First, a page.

The Big Four firm said that, unlike other industries, mining companies had
not formed an industry group to establish a common approach to implementing
IFRS. The IASB, meanwhile, had only recently formed an extractive industries
working group to provide guidance for miners, but this group was not scheduled
to produce guidance for some time.
The result is that mining companies are still using disparate interpretations
of IFRS in their accounts.
Brian Taylor, PwC’s UK mining leader, said that, although IFRS had ‘advanced
the transparency and comparability of financial statements’, accounting across
the industry remained inconsistent in certain key areas.
‘There are also some areas in which practice appears to vary across the
industry. In such cases, the disclosure of a company’s accounting policies and
the consistent application of those policies are particularly important,’ said
Like other industries, mining groups have found the hedging and derivative
requirements of IAS39 especially difficult, but a more pressing concern is that
IFRS does not address the accounting issues specific to mining businesses.
PwC said the international standards did not include guidance for the
sector’s need to put up large investment for risky exploration projects, nor the
long lead-in time required to launch new projects.
The existence of significant costs involved in closing a mine at the end of
its life were not addressed by the standards. Also, a number of mining
activities contribute to the development of a mine, which brings long-term
benefits, but also deliver ‘saleable production’ at the same time.
Royal Bank of Scotland is close to agreeing on a settlement with Enron
shareholders after being accused of helping the collapsed US energy giant
conceal its accounting fraud. According to reports, RBS isset to close a
multi-million pound civil action by paying out around £100m. RBS, Britain’s
second biggest bank, operates in the US through its retail arm, Citizens Bank,
which has more than 1,600 branches and generates income of $5.9bn (£3.2bn).
Ross Graham, the former FD of software group Misys, has written to the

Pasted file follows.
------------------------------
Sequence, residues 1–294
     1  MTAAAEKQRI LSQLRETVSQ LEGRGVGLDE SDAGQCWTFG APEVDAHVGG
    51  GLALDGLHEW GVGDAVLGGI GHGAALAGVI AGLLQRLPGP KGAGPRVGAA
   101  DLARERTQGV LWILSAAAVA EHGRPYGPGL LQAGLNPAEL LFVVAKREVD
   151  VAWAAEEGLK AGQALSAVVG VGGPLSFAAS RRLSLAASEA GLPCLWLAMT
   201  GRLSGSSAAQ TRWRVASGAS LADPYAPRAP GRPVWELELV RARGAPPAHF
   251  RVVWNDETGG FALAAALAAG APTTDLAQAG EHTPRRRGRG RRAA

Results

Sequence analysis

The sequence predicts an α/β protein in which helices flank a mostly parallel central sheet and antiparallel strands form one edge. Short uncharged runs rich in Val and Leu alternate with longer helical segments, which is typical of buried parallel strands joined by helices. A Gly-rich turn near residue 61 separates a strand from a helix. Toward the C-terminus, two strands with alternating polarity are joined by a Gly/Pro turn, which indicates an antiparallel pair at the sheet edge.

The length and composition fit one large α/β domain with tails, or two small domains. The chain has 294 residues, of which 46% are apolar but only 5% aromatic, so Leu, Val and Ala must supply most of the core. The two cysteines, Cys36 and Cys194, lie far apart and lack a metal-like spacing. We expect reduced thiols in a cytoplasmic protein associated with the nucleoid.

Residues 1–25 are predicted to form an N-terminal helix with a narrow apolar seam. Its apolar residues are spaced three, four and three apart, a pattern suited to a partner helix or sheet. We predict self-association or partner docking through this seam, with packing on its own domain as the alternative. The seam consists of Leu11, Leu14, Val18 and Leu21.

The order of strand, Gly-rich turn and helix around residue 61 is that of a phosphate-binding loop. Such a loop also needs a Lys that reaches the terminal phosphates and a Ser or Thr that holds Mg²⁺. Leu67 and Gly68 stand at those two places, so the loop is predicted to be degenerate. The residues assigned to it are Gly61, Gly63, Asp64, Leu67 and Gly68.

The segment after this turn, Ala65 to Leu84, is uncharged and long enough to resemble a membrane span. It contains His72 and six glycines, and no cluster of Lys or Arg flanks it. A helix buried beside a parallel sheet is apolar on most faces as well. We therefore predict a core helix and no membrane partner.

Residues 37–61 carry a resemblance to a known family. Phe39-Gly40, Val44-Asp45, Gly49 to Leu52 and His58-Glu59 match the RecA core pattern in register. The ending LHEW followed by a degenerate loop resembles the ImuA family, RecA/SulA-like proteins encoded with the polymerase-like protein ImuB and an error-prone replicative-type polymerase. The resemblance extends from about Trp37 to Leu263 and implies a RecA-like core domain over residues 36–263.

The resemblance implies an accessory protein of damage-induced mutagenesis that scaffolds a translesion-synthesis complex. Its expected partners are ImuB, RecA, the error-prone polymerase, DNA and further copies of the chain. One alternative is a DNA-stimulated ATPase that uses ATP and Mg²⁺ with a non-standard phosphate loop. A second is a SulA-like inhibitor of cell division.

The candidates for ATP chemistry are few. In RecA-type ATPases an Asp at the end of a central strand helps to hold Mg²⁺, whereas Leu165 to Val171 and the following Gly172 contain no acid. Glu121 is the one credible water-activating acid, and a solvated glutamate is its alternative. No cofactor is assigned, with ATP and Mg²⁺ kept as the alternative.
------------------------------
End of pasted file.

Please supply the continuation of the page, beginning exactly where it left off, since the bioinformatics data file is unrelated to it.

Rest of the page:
company’s board saying he believes that his management team could offer the best
opportunity for it to maximise shareholder value.
Misys has been approached by a number of private equity houses with bids, but
the offer from Graham and other former executives Mike O’Leary and John Sussens
adds a new twist to attempts to take over the software company.
Jacques Gounon, the chairman of channel tunnel operator Eurotunnel, has asked
a French court to freeze its debts so it can continue operating after warning
that it is just two months away from going insolvent. Eurotunnel has a £6.2bn
debt mountain and needs to restructure repayments of this to avoid collapsing.
Gounon warned: ‘If we cannot present plans before the end of September then the
end of the story is easy to write.’
The end result, he said, would be ‘liquidation’. Eurotunnel has been trying
to persuade its bondholders to back a deal to cut its debt pile in half but a
group of creditors has refused to support the proposals. The court is expected
to make its decision on 25 July.
FTSE small cap
Robert Baddeley, the long-serving FD at Holidaybreak, has cashed in on shares
and options in the vacation company. Baddeley subscribed for 17,404 shares at a
price of 287.5p and 20,888 shares of 5p at an exercise price of 325p. These
deals cost him £118,000.
All the shares were sold on for 673p, leaving Baddeley with a profit of
£124,449. Baddeley still has a stake of 32,678 shares in the group and options
on 12,000 other shares. The group has recently closed talks on selling off its
camping division. The camping arm continues to meet trading forecasts.
The FD of Regal Petroleum, Roger Phillips, has takenover the running of the
company after the resignation of CEO and chairman Paul Morgan. Morgan
resignedafter just four months in the chief executive’s chair. Reports in the
national press say his departure follows a clashwith Phillips over the strategic
future of Regal.
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